I wanted to check the career NHL stats of the 1980 Olympic hockey teams. Of course the Soviets and Czechs were not allowed to play in North America for almost a decade following Lake Placid, unless they were to defect. In fact of the seven Soviets who would play in the NHL only three played in more than one season. The Russians eventually came to the NHL by waiting out the fall of communism and the Czechoslovaks by mainly defecting (see Stastny's). There would be ten Czechs from the 1980 team to come to North America with six of them playing at least three seasons here (The Stastny's Three, Jiri Bubla, Miroslav Frycer and Jaroslav Pouzar).
Each team's totals follow.
The Russians are led by the late career jumps to the NHL by Sergei Makarov, Slava Fetisov and Alexei Kasatonov who came to North America in their late 20's. Of the seven Swedes to come to the NHL (a fairly low number explained by the fact that most of their top talent was already here), all would have fairly substantial runs. Bo Berglund and Lars Molin played 130 and 172 games each while Tomas Jonsson, Mats Naslund and Pelle Lindbergh had fairly lengthy careers with top teams in the NHL.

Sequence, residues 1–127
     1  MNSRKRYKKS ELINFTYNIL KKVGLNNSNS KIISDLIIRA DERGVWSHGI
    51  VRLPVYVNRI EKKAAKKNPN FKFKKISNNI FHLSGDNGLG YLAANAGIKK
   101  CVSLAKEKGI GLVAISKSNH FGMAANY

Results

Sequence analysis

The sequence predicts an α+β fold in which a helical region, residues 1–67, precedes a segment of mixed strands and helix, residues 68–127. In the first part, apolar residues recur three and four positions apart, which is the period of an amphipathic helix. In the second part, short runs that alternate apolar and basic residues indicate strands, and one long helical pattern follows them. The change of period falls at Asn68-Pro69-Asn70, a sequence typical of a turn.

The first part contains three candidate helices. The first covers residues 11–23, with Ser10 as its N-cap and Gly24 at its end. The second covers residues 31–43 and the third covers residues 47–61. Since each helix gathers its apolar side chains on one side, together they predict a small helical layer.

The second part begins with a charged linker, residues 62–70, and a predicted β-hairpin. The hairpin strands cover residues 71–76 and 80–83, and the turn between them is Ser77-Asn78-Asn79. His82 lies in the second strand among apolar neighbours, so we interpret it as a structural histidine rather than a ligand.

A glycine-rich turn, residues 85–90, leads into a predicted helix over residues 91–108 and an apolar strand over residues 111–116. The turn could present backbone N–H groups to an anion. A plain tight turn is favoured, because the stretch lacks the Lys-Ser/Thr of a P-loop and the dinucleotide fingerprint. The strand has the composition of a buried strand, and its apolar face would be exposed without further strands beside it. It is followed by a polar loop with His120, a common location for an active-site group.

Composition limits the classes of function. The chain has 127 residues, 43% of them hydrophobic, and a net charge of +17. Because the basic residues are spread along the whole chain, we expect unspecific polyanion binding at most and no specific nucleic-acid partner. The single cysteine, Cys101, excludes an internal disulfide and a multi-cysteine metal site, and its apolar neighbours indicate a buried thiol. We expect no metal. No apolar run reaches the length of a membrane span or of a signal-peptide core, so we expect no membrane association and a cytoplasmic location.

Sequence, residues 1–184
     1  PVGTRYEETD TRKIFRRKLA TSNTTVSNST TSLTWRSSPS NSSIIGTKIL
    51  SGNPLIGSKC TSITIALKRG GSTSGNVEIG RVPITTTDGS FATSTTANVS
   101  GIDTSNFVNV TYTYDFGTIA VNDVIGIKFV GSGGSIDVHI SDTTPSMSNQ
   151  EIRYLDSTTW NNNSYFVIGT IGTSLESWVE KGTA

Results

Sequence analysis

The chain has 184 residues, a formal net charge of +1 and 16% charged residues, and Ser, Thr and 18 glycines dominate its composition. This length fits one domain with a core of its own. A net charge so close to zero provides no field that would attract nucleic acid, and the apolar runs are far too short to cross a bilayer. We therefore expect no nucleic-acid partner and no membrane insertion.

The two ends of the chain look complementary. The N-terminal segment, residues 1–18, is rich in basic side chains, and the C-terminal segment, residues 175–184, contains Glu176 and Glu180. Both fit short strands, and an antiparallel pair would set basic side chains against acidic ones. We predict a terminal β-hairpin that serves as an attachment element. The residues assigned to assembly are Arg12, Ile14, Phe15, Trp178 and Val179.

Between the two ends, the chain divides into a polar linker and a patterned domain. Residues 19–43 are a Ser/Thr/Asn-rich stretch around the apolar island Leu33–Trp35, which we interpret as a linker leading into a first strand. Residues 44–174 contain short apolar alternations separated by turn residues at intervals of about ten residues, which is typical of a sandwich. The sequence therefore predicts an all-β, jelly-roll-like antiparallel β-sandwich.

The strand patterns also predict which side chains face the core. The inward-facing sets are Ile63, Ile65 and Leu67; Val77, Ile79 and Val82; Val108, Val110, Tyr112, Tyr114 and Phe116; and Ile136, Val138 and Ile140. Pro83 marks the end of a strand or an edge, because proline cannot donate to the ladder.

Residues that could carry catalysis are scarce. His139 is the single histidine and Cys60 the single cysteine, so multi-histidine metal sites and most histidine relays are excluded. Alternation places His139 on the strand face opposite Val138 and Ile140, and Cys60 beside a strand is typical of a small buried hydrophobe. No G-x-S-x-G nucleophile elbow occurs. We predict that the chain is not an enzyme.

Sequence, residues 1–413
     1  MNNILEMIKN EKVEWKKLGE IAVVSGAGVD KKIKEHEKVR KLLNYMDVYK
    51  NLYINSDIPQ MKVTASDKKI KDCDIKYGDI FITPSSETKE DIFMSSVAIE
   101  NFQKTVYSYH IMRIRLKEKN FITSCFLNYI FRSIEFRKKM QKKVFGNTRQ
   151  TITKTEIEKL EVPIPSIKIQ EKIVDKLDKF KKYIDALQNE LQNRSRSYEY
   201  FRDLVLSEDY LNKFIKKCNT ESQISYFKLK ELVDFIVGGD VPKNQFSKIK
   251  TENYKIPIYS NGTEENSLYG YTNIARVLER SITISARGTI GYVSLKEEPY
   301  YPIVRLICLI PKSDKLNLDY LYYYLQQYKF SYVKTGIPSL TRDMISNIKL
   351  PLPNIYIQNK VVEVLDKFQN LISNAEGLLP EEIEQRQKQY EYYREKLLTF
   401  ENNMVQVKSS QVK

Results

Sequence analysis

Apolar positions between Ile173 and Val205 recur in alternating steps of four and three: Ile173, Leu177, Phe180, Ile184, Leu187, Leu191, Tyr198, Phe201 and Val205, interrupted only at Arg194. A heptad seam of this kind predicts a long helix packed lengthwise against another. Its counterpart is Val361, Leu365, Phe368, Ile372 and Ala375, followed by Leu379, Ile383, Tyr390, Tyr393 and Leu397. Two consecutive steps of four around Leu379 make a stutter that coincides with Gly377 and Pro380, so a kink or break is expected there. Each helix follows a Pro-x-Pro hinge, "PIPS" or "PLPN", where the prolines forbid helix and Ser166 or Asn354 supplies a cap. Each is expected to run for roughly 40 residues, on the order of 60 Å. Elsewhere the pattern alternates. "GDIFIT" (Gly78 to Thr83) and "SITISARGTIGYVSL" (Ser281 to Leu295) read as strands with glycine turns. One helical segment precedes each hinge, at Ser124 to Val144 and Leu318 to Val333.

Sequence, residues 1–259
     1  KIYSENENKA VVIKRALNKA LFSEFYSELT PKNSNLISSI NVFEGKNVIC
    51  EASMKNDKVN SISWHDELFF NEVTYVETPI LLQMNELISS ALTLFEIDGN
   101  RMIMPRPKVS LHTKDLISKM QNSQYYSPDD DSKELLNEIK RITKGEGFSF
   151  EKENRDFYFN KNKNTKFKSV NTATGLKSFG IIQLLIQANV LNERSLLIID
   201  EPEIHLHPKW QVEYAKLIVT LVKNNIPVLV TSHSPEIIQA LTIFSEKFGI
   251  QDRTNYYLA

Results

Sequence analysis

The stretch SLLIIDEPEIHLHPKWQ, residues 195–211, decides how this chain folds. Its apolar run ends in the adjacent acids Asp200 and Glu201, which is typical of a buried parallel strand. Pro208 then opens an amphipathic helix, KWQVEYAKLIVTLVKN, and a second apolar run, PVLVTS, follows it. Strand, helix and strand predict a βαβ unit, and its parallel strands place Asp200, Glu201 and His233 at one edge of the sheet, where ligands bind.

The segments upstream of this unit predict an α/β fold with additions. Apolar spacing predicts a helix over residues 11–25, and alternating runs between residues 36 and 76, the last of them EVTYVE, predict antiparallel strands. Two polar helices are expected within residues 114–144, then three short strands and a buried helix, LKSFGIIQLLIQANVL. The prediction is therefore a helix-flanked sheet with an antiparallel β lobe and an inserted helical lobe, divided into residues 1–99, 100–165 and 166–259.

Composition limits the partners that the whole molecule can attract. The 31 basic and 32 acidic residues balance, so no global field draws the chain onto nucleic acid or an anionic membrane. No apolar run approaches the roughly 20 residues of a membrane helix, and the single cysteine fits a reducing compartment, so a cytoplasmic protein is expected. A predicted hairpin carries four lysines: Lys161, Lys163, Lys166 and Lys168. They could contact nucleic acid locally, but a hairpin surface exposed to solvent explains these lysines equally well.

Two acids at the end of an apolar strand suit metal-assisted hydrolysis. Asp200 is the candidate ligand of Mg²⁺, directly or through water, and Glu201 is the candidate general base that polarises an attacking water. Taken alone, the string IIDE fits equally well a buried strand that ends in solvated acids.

Finland's impressive numbers are attributed mainly to Jari Kurri's Hall of Fame career with Kari Eloranta and Mikko Leinonen chipping in a few good seasons. Twelve of the U.S. Olympians went on to play the the big leagues with all getting a substantial chance to play. It's probable that U.S. based NHL teams attempted to capitalize on the Gold Medal players as a marketing tool if not quite the greatest contributors on the ice. Players like Bil Baker, Dave Silk, Rob McClanahan and even goalie Jim Craig probably got more chances to succeed because of the mystique that came with them. This is not to say that the States squad didn't produce bonafide NHL players, Ken Morrow, Mark Johnson, Mark Pavelich, Mike Ramsey, Dave Christian and Neal Broten were all above average pros. Morrow won four Cups with the Islanders and Broten one at the end of his career.
Team Canada sent eleven players to the NHL with only Randy Gregg, Tim Watters, Jim Nill, Paul MacLean and Glenn Anderson making more than passing contributions (Gregg to five Cups, Anderson to six).
In keeping with my goal of posting only articles about the Olympics, I decided to put an addendum on this one regarding the recently completed Phaneuf transaction.
Incidentally, Bobby Orr had 26 PPG's and 11 Game Winning Goals over his first five years.
The fact that the Leafs got a 24 year old player that can be mentioned even in the slightest with these greats in exchange for Ian White and Nik Hagman, (Stajan and Mayers are upcoming UFA's) can only be considered a coup.
And now back to Olympic talk....